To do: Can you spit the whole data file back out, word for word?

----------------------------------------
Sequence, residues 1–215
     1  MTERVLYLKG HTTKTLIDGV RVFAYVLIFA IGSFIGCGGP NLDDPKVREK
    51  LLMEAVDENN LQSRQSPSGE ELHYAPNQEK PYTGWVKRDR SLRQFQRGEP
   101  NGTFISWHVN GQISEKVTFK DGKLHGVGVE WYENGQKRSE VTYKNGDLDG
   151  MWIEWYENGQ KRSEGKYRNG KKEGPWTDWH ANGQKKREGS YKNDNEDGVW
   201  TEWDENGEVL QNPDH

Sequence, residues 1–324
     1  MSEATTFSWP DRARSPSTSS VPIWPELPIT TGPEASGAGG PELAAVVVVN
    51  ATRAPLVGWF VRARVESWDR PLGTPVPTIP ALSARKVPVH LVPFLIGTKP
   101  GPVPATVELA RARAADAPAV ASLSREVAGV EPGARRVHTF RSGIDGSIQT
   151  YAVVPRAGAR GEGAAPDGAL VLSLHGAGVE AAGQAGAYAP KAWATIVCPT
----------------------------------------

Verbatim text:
Sequence, residues 1–215
     1  MTERVLYLKG HTTKTLIDGV RVFAYVLIFA IGSFIGCGGP NLDDPKVREK
    51  LLMEAVDENN LQSRQSPSGE ELHYAPNQEK PYTGWVKRDR SLRQFQRGEP
   101  NGTFISWHVN GQISEKVTFK DGKLHGVGVE WYENGQKRSE VTYKNGDLDG
   151  MWIEWYENGQ KRSEGKYRNG KKEGPWTDWH ANGQKKREGS YKNDNEDGVW
   201  TEWDENGEVL QNPDH

Sequence, residues 1–324
     1  MSEATTFSWP DRARSPSTSS VPIWPELPIT TGPEASGAGG PELAAVVVVN
    51  ATRAPLVGWF VRARVESWDR PLGTPVPTIP ALSARKVPVH LVPFLIGTKP
   101  GPVPATVELA RARAADAPAV ASLSREVAGV EPGARRVHTF RSGIDGSIQT
   151  YAVVPRAGAR GEGAAPDGAL VLSLHGAGVE AAGQAGAYAP KAWATIVCPT